Active Learning: A Teacher's Guide

What is Active Learning?

The term active learning encompasses a wide variety of classroom activities. But what does it mean? It's important to start with an active learning definition that offers you a clear sense of the process. Active learning puts the responsibility on students to be deeply involved in their own learning, understanding, and pursuit of knowledge. Active learning theory maintains that when a student is an active, rather than a passive, participant in the learning process, the overall learning will be more effective.

Active learning is often project based, meaning students participate in complex projects through which they gain a handle on new concepts. Active learning is also inquiry based, which means it gives students the opportunity to pursue answers to their own questions and interests.

In an active learning classroom, technology can facilitate students' independence and give them a chance to find the answers they need. There is a great deal of active learning in flipped classrooms, because a flipped classroom gives students time to read and learn on their own before coming together with fellow students and teachers to discuss and work through their findings.

Active Learning Strategies

There are many different ways to use active learning strategies in the classroom. Teachers can start a discussion to make sure students take ownership over their own participation and talk through new ideas and skills with peers. Think-pair-share is a great strategy in which students first think about what they want to say or learn, pair with a partner to discuss, and only then share with the whole group.

Kinesthetic learning is another active learning strategy that can be used in the classroom. Kinesthetic learners are those students who learn by moving their bodies and touching manipulatives. To involve movement, teachers can have students catch a ball to answer a question, perform a skit, walk around the room during partner discussions, and so on.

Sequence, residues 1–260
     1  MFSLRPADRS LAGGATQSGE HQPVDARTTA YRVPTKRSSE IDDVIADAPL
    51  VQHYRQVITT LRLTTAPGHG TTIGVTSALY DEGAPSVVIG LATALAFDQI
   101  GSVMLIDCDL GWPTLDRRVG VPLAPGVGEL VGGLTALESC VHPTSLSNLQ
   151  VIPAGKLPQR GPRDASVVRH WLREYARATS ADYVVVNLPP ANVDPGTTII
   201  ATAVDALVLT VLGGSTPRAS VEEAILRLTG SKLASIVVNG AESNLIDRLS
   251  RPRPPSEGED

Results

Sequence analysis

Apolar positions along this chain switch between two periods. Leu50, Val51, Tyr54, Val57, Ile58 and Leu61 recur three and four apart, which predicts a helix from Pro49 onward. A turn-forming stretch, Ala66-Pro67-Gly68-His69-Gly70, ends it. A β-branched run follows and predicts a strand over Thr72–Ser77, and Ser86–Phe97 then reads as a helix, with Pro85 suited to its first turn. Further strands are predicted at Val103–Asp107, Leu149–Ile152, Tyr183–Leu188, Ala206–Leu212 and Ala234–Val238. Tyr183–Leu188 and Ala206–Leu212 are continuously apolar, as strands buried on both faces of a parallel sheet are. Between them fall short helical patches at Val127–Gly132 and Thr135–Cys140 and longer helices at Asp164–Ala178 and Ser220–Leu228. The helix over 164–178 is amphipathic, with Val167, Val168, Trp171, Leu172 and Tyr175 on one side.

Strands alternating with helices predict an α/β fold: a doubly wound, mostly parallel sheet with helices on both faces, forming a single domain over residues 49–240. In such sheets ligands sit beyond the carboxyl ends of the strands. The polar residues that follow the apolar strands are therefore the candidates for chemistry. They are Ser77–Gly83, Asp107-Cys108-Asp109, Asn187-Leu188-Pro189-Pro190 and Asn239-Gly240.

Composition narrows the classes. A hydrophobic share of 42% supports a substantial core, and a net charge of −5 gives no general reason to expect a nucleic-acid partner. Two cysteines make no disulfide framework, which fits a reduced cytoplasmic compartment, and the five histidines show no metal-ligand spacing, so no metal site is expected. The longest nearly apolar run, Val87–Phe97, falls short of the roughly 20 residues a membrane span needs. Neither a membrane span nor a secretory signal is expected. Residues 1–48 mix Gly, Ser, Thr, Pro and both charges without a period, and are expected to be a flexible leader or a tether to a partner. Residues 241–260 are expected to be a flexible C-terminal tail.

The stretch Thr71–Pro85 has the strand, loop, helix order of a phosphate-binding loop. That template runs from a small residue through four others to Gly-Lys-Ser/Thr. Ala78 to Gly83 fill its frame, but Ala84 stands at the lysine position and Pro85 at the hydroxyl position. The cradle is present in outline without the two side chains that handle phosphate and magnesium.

Overall, using active learning strategies is one of the most effective ways to create a challenging learning environment where all students are motivated to do their best to succeed.

Why Use Active Learning?

There are many different reasons to use active learning strategies including:

  • Active learning in the classroom ensures that each student has a voice in their own learning, thus maximizing student engagement over the course of the school day.
  • Examples of active learning from a variety of classrooms show that students who are exposed to active learning strategies feel like they know themselves better as learners and thinkers. These students are then better equipped to extend their own learning independently over the course of their education.
  • Students who have learned to be more active in class are also more prepared to learn on the job, to pursue the ideas and questions that matter to them, and to feel engaged and motivated during the time they spend in school.

The Challenges of Active Learning

One main challenge with active learning is controlling the pace of the classroom. Every student in a classroom is different, and active learning activities must be differentiated thoughtfully so that each student can proceed through material at their own pace. Further, active learning should provide the right amount of stimulation to keep students engaged without distracting them from the intent of the lesson.

Active learning works best if there are well-articulated goals in mind. Clear objectives help teachers construct and facilitate activities that allow students to achieve mastery while also learning how to participate in groups and in their own learning. Though there are challenges with active learning, they can certainly be overcome with thoughtful planning.

Active Learning Teacher Grant from Study.com
Receive $1000 to spend on the materials and resources you need to deliver well-planned activities.
  • Receive $1000 and a 12-month Study.com membership to supplement your teaching
  • Must be a full time preschool to 12th grade teacher
  • Fill out the application form to enter!
Get started today with Study.com's
Active Learning lessons, strategies, and examples
Support